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The Cambridge History of Latin America
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    Brasil, Julia Alves and Cabecinhas, Rosa 2018. Social representations of Latin American history and (post)colonial relations in Brazil, Chile and Mexico. Journal of Social and Political Psychology, Vol. 5, Issue. 2, p. 537.

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  • Volume 7: Latin America since 1930: Mexico, Central America and the Caribbean
  • Edited by Leslie Bethell, University of London

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    The Cambridge History of Latin America
    • Volume 7: Latin America since 1930: Mexico, Central America and the Caribbean
    • Edited by Leslie Bethell
    • Online ISBN: 9781139055239
    • Book DOI: https://doi.org/10.1017/CHOL9780521245180
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Book description

This seventh volume of The Cambridge History of Latin America consists of the separate histories of Mexico, Central America, the Caribbean, and Panama. Part I covers in depth the history of Mexico. Part II deals with the five countries of Central America: Guatemala, El Salvador, Honduras, Nicaragua, and Costa Rica. Part III covers Cuba, including the Revolution, the Dominican Republic, Haiti, and Puerto Rico. The fourth and final section is devoted to Panama, with a separate chapter discussing the history of the Canal Zone up to 1979.

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  • 1 - Mexico, c. 1930–46
    pp 1-82
  • https://doi.org/10.1017/CHOL9780521245180.002
  • View abstract
    Summary
    After the outbreak of Revolution in 1910, Mexico experienced a decade of armed upheaval followed by a decade of political and economic reconstruction. Mexico's large subsistence agricultural sector recovered from poor harvests of 1929-1930. Mexican gross domestic product may have fallen to 16 percent between 1929 and 1932. Agrarian reform and peasant mobilization were inextricably bound up with the educational policy of the President Lazaro Cardenas years, and with the commitment to 'socialist' education. Foreign investment in the electricity and other industries was actively encouraged. Cardenas had inherited an economy recovering from the depression in which manufacturing industry and certain exports were buoyant. The inflationary pressures were now aggravated by the rising costs of imports and domestic foodstuffs. Industrialization was now key item of government policy, stressed by Avila Camacho, Lombardo and others as a means to enlarge the social product. Economic collaboration with the United States favoured the Avilacamachista project of industrialization, social conciliation and national consensus.
  • 2 - Mexico since 1946
    pp 83-157
  • https://doi.org/10.1017/CHOL9780521245180.003
  • View abstract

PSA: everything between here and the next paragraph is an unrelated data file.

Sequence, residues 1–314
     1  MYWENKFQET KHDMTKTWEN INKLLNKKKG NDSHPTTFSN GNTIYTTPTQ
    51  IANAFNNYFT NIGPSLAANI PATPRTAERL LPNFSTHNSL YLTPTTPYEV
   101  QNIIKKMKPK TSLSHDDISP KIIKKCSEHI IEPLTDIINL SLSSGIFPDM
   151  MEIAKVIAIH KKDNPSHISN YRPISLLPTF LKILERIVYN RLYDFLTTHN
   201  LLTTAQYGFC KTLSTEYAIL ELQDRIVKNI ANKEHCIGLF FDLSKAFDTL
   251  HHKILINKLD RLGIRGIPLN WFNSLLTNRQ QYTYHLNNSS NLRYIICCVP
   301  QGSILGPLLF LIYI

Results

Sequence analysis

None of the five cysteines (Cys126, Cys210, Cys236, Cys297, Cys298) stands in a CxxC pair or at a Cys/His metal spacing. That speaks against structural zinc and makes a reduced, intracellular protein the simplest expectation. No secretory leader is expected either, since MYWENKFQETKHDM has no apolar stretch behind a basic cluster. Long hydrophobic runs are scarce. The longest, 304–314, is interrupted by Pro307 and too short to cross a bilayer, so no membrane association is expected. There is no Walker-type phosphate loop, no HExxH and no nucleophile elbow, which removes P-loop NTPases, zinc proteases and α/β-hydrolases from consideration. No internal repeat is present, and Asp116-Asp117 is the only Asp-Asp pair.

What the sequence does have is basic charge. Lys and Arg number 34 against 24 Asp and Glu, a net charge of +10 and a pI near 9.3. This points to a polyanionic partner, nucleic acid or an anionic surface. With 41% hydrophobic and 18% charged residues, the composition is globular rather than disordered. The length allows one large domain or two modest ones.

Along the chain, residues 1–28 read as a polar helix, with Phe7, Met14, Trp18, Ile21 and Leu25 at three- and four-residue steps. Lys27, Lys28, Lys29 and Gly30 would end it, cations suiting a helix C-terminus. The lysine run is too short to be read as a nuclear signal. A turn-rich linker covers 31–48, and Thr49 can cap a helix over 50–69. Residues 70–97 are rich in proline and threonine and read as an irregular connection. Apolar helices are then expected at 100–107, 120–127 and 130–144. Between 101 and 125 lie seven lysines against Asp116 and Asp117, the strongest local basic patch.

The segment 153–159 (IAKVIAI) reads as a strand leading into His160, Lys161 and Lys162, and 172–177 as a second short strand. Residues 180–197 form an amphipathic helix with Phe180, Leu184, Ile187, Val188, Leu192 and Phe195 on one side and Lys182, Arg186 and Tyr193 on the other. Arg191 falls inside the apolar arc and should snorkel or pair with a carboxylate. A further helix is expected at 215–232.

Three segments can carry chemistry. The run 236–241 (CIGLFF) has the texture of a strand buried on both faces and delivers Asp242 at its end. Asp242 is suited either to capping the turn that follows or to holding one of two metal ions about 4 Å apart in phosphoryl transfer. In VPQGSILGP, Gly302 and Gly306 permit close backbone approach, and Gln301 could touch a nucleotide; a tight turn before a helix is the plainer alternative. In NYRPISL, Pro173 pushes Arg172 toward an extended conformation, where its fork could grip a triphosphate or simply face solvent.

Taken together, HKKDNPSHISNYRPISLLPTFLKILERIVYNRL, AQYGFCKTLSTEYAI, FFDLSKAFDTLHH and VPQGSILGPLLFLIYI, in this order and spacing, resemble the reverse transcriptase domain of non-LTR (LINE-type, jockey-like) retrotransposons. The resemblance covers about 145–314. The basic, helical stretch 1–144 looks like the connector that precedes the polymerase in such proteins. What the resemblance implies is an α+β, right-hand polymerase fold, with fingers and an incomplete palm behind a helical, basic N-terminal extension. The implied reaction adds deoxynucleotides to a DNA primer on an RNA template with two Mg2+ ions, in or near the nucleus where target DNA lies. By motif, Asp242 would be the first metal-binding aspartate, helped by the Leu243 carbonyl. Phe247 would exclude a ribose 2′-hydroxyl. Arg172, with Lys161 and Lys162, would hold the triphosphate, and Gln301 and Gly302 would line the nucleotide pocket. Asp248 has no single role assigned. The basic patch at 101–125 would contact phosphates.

Summary
    This chapter presents the experience and socio-economic context of political change in Mexico since Second World War. Over past century the Mexican economy has undergone two fundamental transitions, one based on primary products export, and the other characterized by import substitution industrialization. At the end of the Second World War, Mexico was on exceptionally good terms with the United States. In 1942, the government signed accords with Washington on trade, opening American markets to Mexican goods. Mexico's political system had demonstrated effectiveness in resolving the crises and challenges that beset the country through the 1960s, and continued to experience social change in the 1970s. Population growth and social mobility were propelled the expansion of Mexico City, which swelled to a megalopolis with 14-16 million inhabitants by the mid-1980s. The separation of political from economic elites continued to persist, but it was no longer clear that careers in politics would provide Mexican society with a meaningful channel to upward mobility.
  • 3 - Central America since 1930: an overview
    pp 159-210
  • https://doi.org/10.1017/CHOL9780521245180.004
  • View abstract
    Summary
    This chapter presents an overview of Central America since 1930. Central America came under United States influence in the late nineteenth century and this intensified when Britain in 1901, under the Hay-Pauncefote Treaty, agreed to diminish its presence there. The agricultural sector was determined by the functioning and relations of three sub-sectors such as the banana industry controlled by North American capital, coffee industry, which had a different level of capitalization, and the peasant economy, whose production was distributed more in the form of family self-consumption. The impact of the Second World War on the Central American economies was considerable because Europe was an important market for the region's exports. The end of the Second World War marked the slow and contradictory beginning of a new stage in the economic life of the countries of Central America. In August 1987, the Central American presidents signed the Procedures for the Establishment of a Firm and Lasting Peace in Central America.